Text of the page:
Are Activity Trackers Effective in Helping You Reach Your Fitness Objectives?



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As the new year unfolds, numerous individuals embark on fulfilling their resolutions. A common and commendable aim is to increase physical activity.

If your 2024 resolution involves boosting your activity levels, you might have already purchased an activity tracker or are contemplating acquiring one.

But what are the benefits of activity trackers? And will a basic tracker do the trick, or do you need a fancy one with lots of features? Let's take a look.

Why use an activity tracker?

One of the most powerful predictors for being active is whether or not you are monitoring how active you are.

Most people have a vague idea of how active they are, but this is inaccurate a lot of the time. Once people consciously start to keep track of how much activity they do

they often realise it's less than what they thought, and this motivates them to be more active.

You can self-monitor without an activity tracker (just by writing down what you do)

but this method is hard to keep up in the long run and it's also a lot less accurate compared to devices that track your every move 24/7.

By tracking steps or "activity minutes" you can ascertain whether or not you are meeting the physical activity guidelines (150 minutes of moderate to vigorous physical activity per week).

It also allows you to track how you're progressing with any personal activity goals, and view your progress over time.

All this would be difficult without an activity tracker.

Research has shown the most popular brands of activity trackers are generally reliable when it comes to tracking basic measures such as steps and activity minutes.

But wait, there's more

Many activity trackers on the market nowadays track a range of other measures which their manufacturers promote as important in monitoring health and fitness. But is this really the case?

Let's look at some of these.

Resting heart rate

This is your heart rate at rest, which is normally somewhere between 60 and 100 beats per minute.

Your resting heart rate will gradually go down as you become fitter, especially if you're doing a lot of high-intensity exercise.

Your risk of dying of any cause (all-cause mortality) is much lower when you have a low resting heart rate.

So, it is useful to keep an eye on your resting heart rate.

Activity trackers are pretty good at tracking it, but you can also easily measure your heart rate by monitoring your pulse and using a stopwatch.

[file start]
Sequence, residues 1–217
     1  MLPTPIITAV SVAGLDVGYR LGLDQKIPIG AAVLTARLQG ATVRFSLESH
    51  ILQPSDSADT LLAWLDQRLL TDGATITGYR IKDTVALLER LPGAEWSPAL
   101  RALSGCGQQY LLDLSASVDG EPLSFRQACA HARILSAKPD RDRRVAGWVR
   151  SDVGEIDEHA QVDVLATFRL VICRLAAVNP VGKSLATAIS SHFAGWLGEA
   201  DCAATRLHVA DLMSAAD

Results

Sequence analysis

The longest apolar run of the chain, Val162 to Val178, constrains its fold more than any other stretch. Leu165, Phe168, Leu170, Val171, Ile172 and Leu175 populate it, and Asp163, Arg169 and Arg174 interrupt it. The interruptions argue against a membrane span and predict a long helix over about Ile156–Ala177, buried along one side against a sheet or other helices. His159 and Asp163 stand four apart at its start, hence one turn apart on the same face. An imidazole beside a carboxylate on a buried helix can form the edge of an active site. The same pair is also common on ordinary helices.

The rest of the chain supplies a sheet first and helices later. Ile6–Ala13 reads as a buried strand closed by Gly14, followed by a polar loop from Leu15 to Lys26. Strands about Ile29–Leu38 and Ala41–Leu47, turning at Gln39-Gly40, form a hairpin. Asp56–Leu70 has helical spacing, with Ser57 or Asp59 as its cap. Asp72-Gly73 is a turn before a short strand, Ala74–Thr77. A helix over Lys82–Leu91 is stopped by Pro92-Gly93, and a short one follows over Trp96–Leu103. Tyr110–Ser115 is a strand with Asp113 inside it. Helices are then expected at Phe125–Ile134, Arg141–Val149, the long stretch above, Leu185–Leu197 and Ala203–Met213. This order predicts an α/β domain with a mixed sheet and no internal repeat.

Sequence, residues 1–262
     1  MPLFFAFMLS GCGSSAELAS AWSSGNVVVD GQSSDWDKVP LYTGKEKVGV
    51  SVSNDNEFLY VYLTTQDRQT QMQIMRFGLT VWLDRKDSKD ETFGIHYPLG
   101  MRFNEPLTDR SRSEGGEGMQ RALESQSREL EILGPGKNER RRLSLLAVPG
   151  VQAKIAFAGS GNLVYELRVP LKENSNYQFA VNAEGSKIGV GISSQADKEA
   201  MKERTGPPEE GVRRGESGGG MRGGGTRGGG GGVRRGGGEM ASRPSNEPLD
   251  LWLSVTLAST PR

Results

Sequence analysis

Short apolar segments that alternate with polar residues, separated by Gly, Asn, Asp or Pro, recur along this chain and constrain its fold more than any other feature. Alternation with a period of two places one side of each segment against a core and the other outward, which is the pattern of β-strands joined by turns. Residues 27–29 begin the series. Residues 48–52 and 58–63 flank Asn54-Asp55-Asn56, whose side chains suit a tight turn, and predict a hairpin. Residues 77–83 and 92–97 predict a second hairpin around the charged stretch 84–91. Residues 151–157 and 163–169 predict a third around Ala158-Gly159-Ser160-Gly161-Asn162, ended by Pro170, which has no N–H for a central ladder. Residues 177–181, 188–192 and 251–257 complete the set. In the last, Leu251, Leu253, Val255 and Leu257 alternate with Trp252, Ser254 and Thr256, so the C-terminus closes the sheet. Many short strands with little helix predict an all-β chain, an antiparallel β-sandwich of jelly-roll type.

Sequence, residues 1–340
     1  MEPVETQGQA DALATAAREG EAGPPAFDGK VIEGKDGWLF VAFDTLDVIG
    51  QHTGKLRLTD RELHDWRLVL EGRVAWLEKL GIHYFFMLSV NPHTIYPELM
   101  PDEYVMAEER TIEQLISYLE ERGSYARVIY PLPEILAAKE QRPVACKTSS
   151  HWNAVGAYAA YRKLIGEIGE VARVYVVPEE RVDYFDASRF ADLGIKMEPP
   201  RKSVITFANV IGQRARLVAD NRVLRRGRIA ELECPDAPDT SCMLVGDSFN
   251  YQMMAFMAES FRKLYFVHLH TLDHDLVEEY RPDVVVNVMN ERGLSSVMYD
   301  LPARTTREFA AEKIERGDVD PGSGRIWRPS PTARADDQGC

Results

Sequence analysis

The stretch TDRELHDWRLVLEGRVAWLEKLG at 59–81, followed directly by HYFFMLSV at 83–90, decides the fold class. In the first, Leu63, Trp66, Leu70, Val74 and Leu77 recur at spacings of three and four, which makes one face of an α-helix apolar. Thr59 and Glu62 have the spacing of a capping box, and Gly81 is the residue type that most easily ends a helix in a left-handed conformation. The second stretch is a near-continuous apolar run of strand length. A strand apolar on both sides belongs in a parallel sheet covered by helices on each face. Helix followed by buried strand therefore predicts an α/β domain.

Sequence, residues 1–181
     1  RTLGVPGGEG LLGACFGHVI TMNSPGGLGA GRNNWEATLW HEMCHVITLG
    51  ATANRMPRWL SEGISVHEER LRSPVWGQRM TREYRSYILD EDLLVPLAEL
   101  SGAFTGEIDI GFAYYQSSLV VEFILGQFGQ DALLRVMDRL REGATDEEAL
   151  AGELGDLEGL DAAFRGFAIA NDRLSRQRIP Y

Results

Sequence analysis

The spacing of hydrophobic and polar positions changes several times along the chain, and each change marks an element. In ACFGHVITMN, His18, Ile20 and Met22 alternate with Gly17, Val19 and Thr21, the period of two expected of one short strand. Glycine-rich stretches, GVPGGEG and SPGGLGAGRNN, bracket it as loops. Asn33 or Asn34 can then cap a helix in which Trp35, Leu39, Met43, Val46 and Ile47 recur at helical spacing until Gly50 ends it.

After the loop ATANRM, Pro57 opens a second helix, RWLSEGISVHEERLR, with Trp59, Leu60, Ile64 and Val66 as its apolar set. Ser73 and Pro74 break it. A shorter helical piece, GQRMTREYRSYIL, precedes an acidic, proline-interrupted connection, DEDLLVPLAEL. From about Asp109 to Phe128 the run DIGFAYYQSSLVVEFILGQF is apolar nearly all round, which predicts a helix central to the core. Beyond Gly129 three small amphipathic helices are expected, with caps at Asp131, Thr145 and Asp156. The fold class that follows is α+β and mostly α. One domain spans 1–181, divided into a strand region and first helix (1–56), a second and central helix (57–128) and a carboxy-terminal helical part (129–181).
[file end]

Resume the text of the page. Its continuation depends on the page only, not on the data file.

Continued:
Heart rate during exercise

Activity trackers will also measure your heart rate when you're active.

To improve fitness efficiently, professional athletes focus on having their heart rate in certain "zones" when they're exercising so knowing their heart rate during exercise is important.

But if you just want to be more active and healthier, without a specific training goal in mind, you can exercise at a level that feels good to you and not worry about your heart rate during activity.

The most important thing is that you're being active.

Also, a dedicated heart rate monitor with a strap around your chest will do a much better job at measuring your actual heart rate compared to an activity tracker worn around your wrist.

Maximal heart rate

This is the hardest your heart could beat when you're active, not something you could sustain very long.

Your maximal heart rate is not influenced by how much exercise you do, or your fitness level.

Most activity trackers don't measure it accurately anyway, so you might as well forget about this one.



Your muscles need oxygen to work.

The more oxygen your body can process, the harder you can work, and therefore the fitter you are.

VO₂max is the volume (V) of oxygen (O₂) we could breathe maximally (max) over a one minute interval, expressed as millilitres of oxygen per kilogram of body weight per minute (ml/kg/min).

Inactive women and men would have a VO₂max lower than 30 and 40 ml/kg/min, respectively.

A reasonably good VO₂max would be mid thirties and higher for women and mid forties and higher for men.

VO₂max is another measure of fitness that correlates well with all cause mortality:

the higher it is, the lower your risk of dying.

For athletes, VO₂max is usually measured in a lab on a treadmill while wearing a mask that measures oxygen consumption.

Activity trackers instead look at your running speed (using a GPS chip) and your heart rate and compare these measures to values from other people.

If you can run fast with a low heart rate your tracker will assume you are relatively fit, resulting in a higher VO₂max.

These estimates are not very accurate as they are based on lots of assumptions.